Purchasing in the Fashion Industry: Interview with Vivian Rempel

Vivian RempelInsights from Vivian Rempel, London buyer for the London vintage reproduction fashion industry.

Vivian Rempel is an emerging buyer in London’s vintage reproduction fashion industry and has a focus on vintage fashion. Ms. Rempel, originally from Vancouver, Canada, made her way to England to be part of the fashion scene and has not looked back.

We engaged Vivian Rempel to learn about her decision to become a buyer and what she has learned thus far.

When did you know you wanted to become a buyer?

I would say when I received my first pay check from my part time job as a student. Having an income gave me the freedom of spending time by myself to really throw myself in to fashion. Weather I was buying fabric to make myself a piece that was vintage inspired or to treat myself to buy something eye popping. I have always been a peacock, a magpie, fashion was a real freedom for me. Through this new found love of thrill of the hunt. I realized I wasn’t just shopping for myself necessarily, I was always shopping for others. With my knowledge of historical fashion I could tell if an item was of worth. It’s not that I had in mind to buy it to sell it, I just knew that someone had to own it. I’ve just naturally always done it.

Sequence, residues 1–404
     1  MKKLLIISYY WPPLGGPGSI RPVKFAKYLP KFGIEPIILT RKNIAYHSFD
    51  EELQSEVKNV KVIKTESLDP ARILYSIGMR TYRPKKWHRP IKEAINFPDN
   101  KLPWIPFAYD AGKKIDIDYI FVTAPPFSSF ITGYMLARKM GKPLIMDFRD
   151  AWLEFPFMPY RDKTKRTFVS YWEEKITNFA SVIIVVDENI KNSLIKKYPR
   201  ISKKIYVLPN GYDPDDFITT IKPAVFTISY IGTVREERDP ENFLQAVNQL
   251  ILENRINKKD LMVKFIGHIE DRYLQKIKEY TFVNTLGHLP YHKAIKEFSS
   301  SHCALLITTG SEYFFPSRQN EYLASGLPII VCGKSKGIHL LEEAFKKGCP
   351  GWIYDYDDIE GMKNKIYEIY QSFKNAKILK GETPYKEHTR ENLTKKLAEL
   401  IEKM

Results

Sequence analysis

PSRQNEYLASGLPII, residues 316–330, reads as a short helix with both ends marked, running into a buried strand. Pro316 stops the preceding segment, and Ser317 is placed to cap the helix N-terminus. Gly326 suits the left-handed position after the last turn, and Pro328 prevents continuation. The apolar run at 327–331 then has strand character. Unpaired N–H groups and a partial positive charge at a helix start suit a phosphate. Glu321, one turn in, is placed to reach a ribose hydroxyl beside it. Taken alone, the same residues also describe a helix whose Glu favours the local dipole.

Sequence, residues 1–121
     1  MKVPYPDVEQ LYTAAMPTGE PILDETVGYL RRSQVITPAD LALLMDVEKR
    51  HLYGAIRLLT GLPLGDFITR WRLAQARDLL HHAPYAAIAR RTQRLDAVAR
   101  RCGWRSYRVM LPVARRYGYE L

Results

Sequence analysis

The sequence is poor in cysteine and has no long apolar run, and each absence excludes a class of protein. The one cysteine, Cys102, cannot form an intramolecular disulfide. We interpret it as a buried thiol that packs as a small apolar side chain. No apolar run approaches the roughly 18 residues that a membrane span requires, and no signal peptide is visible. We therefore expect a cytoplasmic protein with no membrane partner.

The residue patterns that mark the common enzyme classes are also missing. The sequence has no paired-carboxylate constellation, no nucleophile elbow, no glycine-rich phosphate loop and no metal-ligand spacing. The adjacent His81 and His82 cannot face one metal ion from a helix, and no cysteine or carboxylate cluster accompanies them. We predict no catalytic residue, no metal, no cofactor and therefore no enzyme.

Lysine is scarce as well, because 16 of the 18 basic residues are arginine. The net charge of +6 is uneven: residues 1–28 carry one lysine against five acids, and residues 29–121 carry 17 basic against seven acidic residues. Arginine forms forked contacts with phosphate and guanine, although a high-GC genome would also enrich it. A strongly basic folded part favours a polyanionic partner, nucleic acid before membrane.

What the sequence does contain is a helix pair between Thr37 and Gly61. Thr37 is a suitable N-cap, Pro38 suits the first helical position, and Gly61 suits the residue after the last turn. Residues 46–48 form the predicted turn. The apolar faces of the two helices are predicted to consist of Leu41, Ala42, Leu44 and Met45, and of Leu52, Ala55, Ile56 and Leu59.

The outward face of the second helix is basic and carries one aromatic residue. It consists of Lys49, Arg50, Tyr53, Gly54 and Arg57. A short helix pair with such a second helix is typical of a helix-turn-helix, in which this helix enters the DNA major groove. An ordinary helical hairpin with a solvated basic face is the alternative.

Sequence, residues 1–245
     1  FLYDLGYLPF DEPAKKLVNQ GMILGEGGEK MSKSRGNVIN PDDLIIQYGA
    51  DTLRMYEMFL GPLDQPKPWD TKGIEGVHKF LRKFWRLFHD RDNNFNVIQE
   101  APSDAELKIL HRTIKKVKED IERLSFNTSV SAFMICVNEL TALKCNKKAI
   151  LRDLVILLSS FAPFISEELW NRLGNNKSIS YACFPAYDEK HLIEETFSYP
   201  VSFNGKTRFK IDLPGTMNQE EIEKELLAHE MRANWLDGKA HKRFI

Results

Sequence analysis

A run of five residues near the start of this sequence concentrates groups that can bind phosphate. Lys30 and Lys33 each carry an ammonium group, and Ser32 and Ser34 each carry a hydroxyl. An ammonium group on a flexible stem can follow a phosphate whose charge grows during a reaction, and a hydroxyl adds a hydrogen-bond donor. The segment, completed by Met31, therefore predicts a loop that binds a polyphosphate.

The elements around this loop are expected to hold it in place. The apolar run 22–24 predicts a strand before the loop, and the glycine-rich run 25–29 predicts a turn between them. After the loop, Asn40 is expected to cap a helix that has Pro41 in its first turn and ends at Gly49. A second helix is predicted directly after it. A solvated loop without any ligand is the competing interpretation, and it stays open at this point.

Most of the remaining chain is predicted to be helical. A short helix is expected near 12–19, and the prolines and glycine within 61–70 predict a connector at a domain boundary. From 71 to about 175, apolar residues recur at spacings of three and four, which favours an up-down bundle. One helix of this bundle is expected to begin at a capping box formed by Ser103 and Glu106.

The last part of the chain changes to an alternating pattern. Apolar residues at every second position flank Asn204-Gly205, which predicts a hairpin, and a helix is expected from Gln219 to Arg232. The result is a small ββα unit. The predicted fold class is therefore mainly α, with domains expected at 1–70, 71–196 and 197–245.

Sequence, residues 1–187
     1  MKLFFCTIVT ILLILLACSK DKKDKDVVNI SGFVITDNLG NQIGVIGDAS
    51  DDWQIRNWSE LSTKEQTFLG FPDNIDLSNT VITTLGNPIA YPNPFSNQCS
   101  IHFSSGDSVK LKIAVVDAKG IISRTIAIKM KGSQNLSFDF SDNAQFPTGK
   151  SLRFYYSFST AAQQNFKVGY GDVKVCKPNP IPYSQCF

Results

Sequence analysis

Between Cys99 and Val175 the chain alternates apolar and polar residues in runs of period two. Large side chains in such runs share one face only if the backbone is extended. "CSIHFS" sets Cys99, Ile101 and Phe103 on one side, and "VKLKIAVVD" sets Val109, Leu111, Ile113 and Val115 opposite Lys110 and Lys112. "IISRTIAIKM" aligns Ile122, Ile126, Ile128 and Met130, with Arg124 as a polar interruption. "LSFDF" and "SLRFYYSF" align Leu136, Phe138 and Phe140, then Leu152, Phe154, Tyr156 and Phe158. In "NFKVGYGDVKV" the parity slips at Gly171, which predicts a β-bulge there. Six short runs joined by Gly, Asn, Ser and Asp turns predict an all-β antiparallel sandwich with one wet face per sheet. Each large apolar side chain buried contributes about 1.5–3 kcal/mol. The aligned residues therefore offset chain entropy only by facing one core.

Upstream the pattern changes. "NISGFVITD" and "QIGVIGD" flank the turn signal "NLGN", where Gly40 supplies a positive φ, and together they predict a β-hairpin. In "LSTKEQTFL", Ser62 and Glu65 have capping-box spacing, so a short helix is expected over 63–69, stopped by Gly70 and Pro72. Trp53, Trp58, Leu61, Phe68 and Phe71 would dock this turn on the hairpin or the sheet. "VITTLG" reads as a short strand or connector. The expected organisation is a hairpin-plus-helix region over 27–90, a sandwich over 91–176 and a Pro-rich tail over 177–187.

What got you involved with the vintage side of fashion?

I grew up having creative parents that are vintage enthusiasts. They both inspired me to learn as much as I could about art, fashion, music and pop culture. All these through history go hand in hand I just naturally gravitated towards fashion first. When it came to working with vintage fashion it came to me organically.

I don’t think people realise when it comes to consumerism there are buying patterns. Historic patterns and influences in fashion trends that come in, come out and ones that are a classic. If you are aware and can see where a trend is going you can expand your products you are selling through this knowledge.

How did you make your way to London?

An opportunity came to me from an acquaintance based on my known knowledge of vintage fashion. This opportunity turned into a role of finding and buying vintage clothing, accessories and home wares. The company was working for was one of largest UK vintage chain stores in England.

Rokit Vintage (based in London) has a really big presence in the vintage scene. I didn’t originally realize I was actually working for them. When I found out, I just started thinking of every way I could manage to get myself over to London. Whether it was working really hard and then getting transferred eventually. I didn’t realize that they had plans to promote me to head buyer.